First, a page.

I've been reading.
Book: Hicksville, by Dylan Horrocks.
History: I bought it before I left for Japan but I never got around to reading it. Happy I did.
Story: It opens up like a Twilight Zone episode: we're in a wee small town on the northern coast of New Zealand, and everyone's a comics scholar. There's a Canadian journalist looking for the town while being plagued by a mysterious cartoonist who plants excerpts of his indy strip in the journalist's vicintity at intervals. And there's a dark history concerning Dick Burger, the world famous Hickville-born-and-bred cartoonist and comics tycoon. Better synopses at Amazon for your reading pleasure.
Impressions: The everybody-reads-comics bit was enough to hook me for a book this size despite the story. Having been in Japan the last 19 months, this was the perfect comic to start with, with enough inside jokes and fun trivia mixed in to reinflate my nerd-libido. The art was monochrome and minimalist, which was a nice mild transition after having browsed manga for the last long while. I popped open a Batman comic the other day and the colors and splash pages made me dizzy.
Book: The Black Diamond Detective Agency, by Eddie Campbell.
History: I've been waiting to get my hands on this forever. I bought it so fast I got a papercut.
Story: It's a Western. It was originally written for the screen by a Mr. C. Gaby Mitchell. A certain John Hardin is the only suspect in a train bombing in a cozy Missouri town. But! And so on.
Impressions: In this guy's opinion, the only publisher that has a snowball's chance in hell of penetrating the Japanese market is [this volume's publisher,] First Second. Their comics aren't as small as manga digests, but they're much easier to handle than typical Marvel/DC trades, which is essential to the practical Japanese reader.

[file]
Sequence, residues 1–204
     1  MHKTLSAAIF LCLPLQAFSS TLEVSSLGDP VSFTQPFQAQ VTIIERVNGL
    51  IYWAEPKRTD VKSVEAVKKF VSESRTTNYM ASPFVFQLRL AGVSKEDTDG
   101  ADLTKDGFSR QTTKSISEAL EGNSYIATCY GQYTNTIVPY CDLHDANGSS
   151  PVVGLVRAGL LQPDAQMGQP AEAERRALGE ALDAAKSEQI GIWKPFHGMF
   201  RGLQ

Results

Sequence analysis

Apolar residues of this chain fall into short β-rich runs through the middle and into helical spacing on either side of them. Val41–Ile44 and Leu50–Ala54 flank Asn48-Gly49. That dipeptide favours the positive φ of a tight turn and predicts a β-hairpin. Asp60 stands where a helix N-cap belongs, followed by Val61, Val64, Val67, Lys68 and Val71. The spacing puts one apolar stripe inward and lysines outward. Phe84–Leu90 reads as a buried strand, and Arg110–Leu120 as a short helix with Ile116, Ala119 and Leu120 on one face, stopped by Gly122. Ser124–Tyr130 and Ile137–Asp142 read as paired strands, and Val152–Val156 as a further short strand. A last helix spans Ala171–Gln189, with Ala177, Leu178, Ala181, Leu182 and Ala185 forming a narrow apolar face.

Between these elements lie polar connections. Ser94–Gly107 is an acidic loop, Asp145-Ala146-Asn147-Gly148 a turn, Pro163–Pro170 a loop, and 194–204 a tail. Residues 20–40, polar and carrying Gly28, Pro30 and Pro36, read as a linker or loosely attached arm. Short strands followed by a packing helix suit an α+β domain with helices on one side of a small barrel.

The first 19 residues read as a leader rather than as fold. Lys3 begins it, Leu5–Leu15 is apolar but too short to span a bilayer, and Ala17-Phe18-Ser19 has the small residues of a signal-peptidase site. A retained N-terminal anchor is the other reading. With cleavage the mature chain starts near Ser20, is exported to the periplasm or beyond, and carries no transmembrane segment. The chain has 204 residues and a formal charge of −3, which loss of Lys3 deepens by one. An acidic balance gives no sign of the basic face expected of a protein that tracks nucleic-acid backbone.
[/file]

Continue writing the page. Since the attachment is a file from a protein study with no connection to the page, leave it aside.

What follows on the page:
In terms of the story, it was an interesting translation. I'd never read a Western before, let alone in comic form, so I wasn't sure how well it would translate for me, given that I'm used to the long silent shots of the moving picturefilms. While some scenes did feel a little fast, the amazing remarkable Monsieur Campbell really hit the nail on the head with setting the tired atmospheres of the wild west. He's one of the best cartoonists in the business in terms of page layout, texture, and body language, and he was at his best in all three categories in this novel. I don't know jack about painting materials, but the kind of paint or colors he used matched the atmosphere perfectly, but in what I felt was a completely novel way. My impression of artistic interpretations of the wild west were Spaghetti Westerns on the good side and cheesy Native American-and-spirit animal paintings on the bad. This was neither, and wonderfully refreshing for it.
That's it for now. I recommend Campbell's book to anyone; Horrock's book is more for folks interested in comics already, methinks. More reviews tomorrow.